What We Can Learn From God’s Silence

by | Mar 22, 2013 | Spirit-Led Living

I recently uncovered the amazing mysteries of tranquility while excavating a lost sermon of Jesus. I’d been overlooking it in my gospel quarry for years. Once I knew where to dig, it became a simple discovery—one I invite you to make for yourself.

Take a few moments with your New Testament and look up every passage detailing the crucifixion. Once you’ve found them all, write out the statements recorded as coming from the lips of Jesus while He hung on the cross. Now, slowly repeat those statements aloud, one after the other. You’ll find they barely fill one minute of spoken conversation when strung together. Seven one-liners!

What was Jesus saying during the rest of His six hours on the cross?

There is much He could have said. He could have ended the opening argument of His extradition with an ear-splitting sermon or offered up a plateful of prophetic thunder as a parting shot for Pilate. He could have unloaded an earful at the elders. He could have undressed with righteous rhetoric the Roman cohorts who stripped His clothes, and then showered condemnation on those who spat upon Him. He could have bellowed out a few shots from Jeremiah’s prophecies to wayward Israel or ordered up a few hungry bears as Elijah did.

Yet the Bible says, “when He was reviled, [He] did not revile in return; when He suffered, He did not threaten” (1 Pet. 2:23). In the natural, Jesus’ actions made no sense. When taunted, He remained tight-lipped. When abused and pierced, His words of forgiveness flowed as quickly as His blood.

He didn’t require His wounds to dry, scab and scar before He forgave. There is no record that Jesus calculated His personal pain before discharging his pardon. Each bruise and blow was met with silent mercy.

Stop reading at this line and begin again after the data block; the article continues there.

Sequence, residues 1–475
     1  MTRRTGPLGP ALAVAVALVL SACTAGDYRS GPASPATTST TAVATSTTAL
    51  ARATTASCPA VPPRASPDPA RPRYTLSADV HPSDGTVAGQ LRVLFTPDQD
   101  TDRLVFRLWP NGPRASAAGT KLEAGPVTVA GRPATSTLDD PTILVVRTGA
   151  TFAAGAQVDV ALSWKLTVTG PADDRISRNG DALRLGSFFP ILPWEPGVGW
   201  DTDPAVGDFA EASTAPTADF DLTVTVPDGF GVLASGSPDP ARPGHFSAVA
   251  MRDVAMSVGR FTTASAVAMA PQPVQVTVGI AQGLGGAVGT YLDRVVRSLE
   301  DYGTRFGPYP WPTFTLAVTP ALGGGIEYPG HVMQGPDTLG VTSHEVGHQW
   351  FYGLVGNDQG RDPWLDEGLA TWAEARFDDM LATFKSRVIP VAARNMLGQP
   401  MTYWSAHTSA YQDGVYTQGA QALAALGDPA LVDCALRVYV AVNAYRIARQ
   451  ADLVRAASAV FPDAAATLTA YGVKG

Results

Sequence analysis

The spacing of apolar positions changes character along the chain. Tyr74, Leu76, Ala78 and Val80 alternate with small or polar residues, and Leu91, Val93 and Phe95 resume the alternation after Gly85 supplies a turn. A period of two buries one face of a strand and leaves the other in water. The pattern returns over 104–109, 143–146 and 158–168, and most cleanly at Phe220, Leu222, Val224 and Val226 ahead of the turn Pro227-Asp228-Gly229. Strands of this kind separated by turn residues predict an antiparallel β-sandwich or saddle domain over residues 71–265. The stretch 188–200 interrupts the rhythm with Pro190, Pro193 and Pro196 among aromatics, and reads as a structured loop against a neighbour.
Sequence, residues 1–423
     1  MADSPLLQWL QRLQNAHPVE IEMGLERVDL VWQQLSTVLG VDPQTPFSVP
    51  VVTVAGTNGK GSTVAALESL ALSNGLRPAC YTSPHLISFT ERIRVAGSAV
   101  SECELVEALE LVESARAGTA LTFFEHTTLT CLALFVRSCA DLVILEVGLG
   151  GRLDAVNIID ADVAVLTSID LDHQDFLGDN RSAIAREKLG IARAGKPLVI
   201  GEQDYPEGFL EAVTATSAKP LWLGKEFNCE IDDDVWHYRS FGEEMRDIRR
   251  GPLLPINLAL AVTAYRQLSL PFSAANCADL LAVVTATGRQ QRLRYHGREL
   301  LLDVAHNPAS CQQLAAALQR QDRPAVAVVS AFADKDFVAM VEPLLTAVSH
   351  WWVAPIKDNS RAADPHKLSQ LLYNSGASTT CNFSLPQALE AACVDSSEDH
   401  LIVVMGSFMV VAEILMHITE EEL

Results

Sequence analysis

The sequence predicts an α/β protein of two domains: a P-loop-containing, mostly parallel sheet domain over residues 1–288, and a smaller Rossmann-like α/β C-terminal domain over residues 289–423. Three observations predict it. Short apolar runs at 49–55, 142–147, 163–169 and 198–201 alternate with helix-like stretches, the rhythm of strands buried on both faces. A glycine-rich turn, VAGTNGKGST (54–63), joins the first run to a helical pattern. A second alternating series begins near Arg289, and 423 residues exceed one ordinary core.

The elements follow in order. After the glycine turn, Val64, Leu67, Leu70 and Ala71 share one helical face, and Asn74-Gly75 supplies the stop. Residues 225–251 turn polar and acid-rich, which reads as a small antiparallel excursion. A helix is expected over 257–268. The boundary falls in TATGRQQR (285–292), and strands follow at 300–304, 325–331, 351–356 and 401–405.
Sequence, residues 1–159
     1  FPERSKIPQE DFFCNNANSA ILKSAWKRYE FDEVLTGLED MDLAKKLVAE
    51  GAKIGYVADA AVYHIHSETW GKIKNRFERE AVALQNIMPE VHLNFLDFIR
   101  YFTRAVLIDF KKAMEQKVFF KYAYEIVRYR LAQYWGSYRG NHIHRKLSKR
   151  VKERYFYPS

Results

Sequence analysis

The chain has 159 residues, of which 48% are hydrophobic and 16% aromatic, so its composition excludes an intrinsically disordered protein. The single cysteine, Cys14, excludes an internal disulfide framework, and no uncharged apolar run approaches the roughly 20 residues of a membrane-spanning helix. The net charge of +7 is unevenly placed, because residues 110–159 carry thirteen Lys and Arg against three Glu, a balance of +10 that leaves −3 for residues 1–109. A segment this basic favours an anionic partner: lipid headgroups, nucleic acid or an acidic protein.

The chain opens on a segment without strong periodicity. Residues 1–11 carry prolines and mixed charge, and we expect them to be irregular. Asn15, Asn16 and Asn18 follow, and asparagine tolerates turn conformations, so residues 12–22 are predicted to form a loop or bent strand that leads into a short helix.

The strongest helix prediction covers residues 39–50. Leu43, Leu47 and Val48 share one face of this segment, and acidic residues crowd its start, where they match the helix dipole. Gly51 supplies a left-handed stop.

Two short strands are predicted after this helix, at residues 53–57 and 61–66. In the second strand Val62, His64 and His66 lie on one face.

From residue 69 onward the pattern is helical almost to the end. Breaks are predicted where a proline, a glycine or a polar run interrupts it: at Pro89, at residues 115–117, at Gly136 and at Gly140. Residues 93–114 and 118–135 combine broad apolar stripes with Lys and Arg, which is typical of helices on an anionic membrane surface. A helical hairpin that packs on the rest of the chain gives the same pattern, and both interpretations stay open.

In His silence, Jesus was doing more than dying. He was communicating in red ink the timeless secrets of the kingdom. He was openly showing His bride how to embrace the cross that awaited her—and no true disciple can escape the cross.

We all know that it is tough at times to maintain a pure perspective through strenuous seasons of cross shaping. My only hope of success comes when my eyes remain fixed on the body language of Calvary’s quiet Lamb, when I carefully listen to the words He didn’t say. For when my eyes and ears tune out the cross, I fast become exasperated with people and plummet into spiritual defeat.

There will always be people who make big things out of small things in my life. But then, I remember the cross—and how Jesus went through it first.

I can always count on uninvited guests who enjoy watching my heavenly Father discipline me—and that can be terribly embarrassing. But again, I remember: Jesus went through that, too.

Even if God sends spiritually immature Christians into my life as part of His mysterious blueprint to grow me—to school me in silence—I must not forget that Jesus felt that too. All of this was the cross! At least it’s the one Jesus knew.

But for all the strains you and I face as followers, no one will ever pay a toll like Jesus. His death is filled with endless grace and boundless perplexity.

For it was I, not Jesus, who should have died for violating my Creator’s commands. And it was I who deserved the burden of transporting heavy timbers barefoot over jagged hillsides for my iniquity. It was I who merited loud public laughter and the agony of pointy thorns stabbing through my forehead.

And it was I who should have felt my ribs being pierced as pagan spittle dripped from my face. Yes, it was I who should have hung incapacitated for six millennia, not six hours.

Yet it was Jesus, not I, who violently died in silent payment.

So this Easter, I encourage you to rise early, don the bonnets and polish the shoes. It’s the day when God’s people around the world colorfully rejoice in His resurrection!

But while you’re celebrating, pause to remember the greatest silent sermon ever preached. The one that lasted for six hours. The one that’s easy to memorize but difficult to emulate. The one that was lived, not spoken, by a silent Lamb.

Adapted from “The Silence of the Lamb” by Scott Hagan, published in Charisma magazine.

PRAYER POWER FOR THE WEEK OF 03/25/13

This week as you focus on God’s wonderful gift of reconciliation through Christ, pray that many will find repentance and receive eternal life through Him. Remember Israel and ask for the protection of its citizens and seasonal travelers this week. Pray regarding the peace process and President Obama’s visit there. Continue to pray for revival in our churches, especially during this Easter season. Pray that Christians would unite in prayer and purpose for God’s kingdom to expand. Remember the persecuted church and ask God to send laborers into the harvest field. John 3:14-17, 1 Thes. 5:15-19, James 5:16-17

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